Olmert is in deep corruption trouble and weak; I would think the Israelis would anyway just be watching this Lebanon stuff first just to see how it plays out and fearful that if they make the wrong move on Iran it could trigger a total war in Lebanon and maybe even the need for a big occupation of same they don't want right now; I just read some stuff on the LA Times about how some dog and pony show the army was gonna give in Iraq about Iranian weapons fell humiliatingly through for want of any actual Iranian weapons to show (duh), and blah blah blah.

Plus, just the general gestalt impression I get is that we've seen the high tide of our adventurism for now. Bush and his admin just seem too out of energy and exhausted and his opposition in the permanent gov't too strong. The new NIE comes out, lots in the Pentagon feel that we're already stretched too thin and gotta have their hair on fire at the idea of provoking Iran to retaliate at us in Iraq, there's that lack of evidence of Iranian weapons, lots of the neo-cons have fled the Admin., the other Gulf states can't look favorably on now stirring up Iran, oil prices are already sky high and the economy is already having a hard time, and more blah blah blah.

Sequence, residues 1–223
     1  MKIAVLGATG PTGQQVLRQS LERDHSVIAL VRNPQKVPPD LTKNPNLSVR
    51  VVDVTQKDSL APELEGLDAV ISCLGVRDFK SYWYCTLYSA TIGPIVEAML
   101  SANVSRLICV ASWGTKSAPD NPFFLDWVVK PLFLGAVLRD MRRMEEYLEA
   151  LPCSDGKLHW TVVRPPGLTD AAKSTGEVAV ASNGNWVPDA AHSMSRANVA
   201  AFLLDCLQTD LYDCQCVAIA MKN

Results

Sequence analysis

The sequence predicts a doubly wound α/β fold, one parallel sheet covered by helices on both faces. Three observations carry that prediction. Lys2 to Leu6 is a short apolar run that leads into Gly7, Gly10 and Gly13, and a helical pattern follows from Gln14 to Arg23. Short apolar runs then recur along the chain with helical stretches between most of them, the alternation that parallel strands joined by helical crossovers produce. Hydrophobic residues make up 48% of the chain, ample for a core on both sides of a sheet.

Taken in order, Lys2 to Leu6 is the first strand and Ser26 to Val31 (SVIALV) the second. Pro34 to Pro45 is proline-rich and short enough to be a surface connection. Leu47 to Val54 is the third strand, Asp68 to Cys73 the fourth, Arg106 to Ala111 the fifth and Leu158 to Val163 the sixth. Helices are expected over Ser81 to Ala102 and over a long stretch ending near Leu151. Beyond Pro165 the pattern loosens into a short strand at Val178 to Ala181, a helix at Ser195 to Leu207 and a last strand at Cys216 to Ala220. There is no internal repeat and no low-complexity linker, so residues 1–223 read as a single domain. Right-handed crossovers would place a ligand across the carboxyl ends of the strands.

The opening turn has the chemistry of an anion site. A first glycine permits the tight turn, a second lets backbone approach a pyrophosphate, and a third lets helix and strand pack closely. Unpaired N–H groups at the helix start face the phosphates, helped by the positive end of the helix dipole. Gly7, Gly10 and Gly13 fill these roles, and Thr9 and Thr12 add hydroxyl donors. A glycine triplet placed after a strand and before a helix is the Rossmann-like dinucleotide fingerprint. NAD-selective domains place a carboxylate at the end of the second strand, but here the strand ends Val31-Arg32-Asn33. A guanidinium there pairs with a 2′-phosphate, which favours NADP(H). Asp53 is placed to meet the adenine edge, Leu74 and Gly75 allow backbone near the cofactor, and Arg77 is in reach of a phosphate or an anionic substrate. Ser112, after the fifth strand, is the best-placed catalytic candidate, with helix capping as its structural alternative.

In short I think the hot-ish rhetoric we've seen in the past few weeks has been part lame try, part frustration, and part pure gas. And I'm always suspicious of seeing hyper-calculating, finely crafted machinations at every turn on the part of any big enterprise. (Which can be so contradictory too if on the other hand one is also saying they're fundamentally, substantively stupid, which in the case of Bush/Cheney we mostly are.)

It's weird (maybe our susceptibility to pattern recognition and mis-recognition), but what so often at first looks Machiavellian turns out to be nothing but sheer oafishness. E.g., not every blade of grass is a grassy knoll. Or, like a plaque I have says Santayana said: "The workings of great institutions is mainly the result of routine, petty malice, self-interest, carelessness, and sheer mistake. Only a residual fraction is thought."

Of course this could be wrong, and I'm struck that maybe my sense of all this is fatally blinded by my belief that any kind of strike on Iran would be, as another poster in a past thread so well put it, "simply insane." But insane things happen all the time. Still, I'll go with my gut, esp. since you and so many others seem to agree. (Which means you and all those others oughta immediately renounce your past opinions if you had any sense.)